What Screen Spline to Use & How to Repair Your Door
You will absolutely avoid stress during the summer season by repairing broken or torn screens on your doors and windows. During the summer and autumn months, insects attempt to enter your home. If they find a tear in your window or door screen, they’re likely to come in and breed.
Repairing Screen Doors
You may sometimes wonder whether to fix, repair or replace a damaged screen door. One of the materials you will need for the repair is screen spline. It’s a length of plastic or foam that fits into a door or window frame and holds the screen in place. You can find various types of splines that are made for the variety of window and door frame types.
DAPA Products has even put together in a kit for use with everything you need to replace screens.
How to Replace Your Broken or Torn Window Screen
- The initial step to do when repairing your screen is to remove the damaged one.
- Place it on a flat surface.
- Pull out the spline from the edges of the frame thereby removing the screen that needs repair.
- The spline and screen material may not be re-used, therefore dispose of after removal.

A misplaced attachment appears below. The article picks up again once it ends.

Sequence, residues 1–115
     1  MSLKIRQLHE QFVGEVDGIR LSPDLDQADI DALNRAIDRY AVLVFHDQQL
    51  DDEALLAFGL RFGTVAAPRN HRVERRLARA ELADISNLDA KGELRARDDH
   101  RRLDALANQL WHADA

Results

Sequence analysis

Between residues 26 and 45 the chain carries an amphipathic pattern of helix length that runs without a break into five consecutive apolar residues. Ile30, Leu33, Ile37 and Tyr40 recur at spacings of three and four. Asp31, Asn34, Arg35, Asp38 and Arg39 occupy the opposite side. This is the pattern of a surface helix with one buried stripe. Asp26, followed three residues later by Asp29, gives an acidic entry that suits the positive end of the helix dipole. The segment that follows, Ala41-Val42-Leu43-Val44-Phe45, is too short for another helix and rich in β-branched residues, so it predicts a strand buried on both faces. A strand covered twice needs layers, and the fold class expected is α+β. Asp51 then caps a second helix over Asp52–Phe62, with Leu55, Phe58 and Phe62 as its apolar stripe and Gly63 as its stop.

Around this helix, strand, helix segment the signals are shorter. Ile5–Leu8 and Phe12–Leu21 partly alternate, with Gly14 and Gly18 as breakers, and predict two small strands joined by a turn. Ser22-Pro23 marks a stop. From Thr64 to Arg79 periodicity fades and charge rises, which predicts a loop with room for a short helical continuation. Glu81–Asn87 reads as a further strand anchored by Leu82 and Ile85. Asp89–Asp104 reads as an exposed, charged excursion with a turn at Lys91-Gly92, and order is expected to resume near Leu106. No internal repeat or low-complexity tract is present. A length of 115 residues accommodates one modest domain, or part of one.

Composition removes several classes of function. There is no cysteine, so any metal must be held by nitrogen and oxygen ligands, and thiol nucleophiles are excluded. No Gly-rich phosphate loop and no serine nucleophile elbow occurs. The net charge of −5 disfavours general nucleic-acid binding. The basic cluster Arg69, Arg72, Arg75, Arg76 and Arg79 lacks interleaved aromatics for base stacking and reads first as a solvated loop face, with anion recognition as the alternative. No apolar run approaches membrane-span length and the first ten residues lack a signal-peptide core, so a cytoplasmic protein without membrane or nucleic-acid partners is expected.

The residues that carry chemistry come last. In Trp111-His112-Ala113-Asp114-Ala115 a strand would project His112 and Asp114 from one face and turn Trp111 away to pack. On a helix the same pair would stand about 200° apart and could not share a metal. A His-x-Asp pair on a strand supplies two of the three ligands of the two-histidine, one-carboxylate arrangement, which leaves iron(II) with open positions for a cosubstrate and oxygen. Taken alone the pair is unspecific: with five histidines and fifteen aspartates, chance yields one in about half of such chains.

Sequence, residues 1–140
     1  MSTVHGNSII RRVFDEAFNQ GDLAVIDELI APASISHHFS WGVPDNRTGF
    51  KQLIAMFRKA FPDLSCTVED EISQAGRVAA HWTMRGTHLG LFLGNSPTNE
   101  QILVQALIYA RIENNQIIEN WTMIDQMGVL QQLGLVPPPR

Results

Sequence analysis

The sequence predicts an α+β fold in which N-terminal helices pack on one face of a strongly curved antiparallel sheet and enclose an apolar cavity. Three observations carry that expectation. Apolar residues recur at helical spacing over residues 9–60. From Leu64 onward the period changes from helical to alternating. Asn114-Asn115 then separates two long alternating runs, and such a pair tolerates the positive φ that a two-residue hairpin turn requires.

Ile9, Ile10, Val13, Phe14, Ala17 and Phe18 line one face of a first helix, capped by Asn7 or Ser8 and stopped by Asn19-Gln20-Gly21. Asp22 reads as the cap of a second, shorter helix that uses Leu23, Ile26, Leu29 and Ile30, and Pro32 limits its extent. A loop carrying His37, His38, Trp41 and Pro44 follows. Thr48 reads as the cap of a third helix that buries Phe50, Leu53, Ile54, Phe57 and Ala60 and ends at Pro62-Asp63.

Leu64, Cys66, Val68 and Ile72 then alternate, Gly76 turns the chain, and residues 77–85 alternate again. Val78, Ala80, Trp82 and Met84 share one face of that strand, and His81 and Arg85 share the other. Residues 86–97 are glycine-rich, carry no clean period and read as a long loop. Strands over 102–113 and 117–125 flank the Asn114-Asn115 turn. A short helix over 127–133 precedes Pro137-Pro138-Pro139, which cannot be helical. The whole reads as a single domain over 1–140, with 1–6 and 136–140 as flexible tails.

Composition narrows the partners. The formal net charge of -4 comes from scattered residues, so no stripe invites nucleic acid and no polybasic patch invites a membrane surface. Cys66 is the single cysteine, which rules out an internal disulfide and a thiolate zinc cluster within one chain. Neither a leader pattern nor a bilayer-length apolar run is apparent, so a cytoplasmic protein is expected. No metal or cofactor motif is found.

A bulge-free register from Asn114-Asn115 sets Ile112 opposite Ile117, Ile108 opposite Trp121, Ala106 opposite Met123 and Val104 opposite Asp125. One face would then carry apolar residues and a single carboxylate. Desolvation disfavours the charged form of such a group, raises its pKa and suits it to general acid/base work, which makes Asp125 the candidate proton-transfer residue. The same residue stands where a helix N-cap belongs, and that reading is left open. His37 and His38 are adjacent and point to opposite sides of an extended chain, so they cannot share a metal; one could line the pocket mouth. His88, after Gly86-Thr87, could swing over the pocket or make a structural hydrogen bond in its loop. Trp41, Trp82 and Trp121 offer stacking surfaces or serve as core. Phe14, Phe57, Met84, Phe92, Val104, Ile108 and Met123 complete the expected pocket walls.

For best results, ensure that you have extra screen left on the sides so that there is an allowance for tightening. A good screen door spline should extend all around the edges.
The wedging of the spline process becomes easier. It is enhanced using the concave and convex rollers. The spline must be tightly fitted into the frame. Once everything is put in its place, you set your window or door frame back.
Common Types of Screening Spline
Foam screen spline comes from polyfoam, packaged in rolls. It is considered easy to work with due to its flexibility to move as you position it into the frame. DAPA Products has your needs in mind and developed spline you can replace yourself.
T-spline is another type that is applicable to screens that are substantially thin such as those made of aluminum.
Unlike T-Spline, foam screening type can be used in all window frame sizes.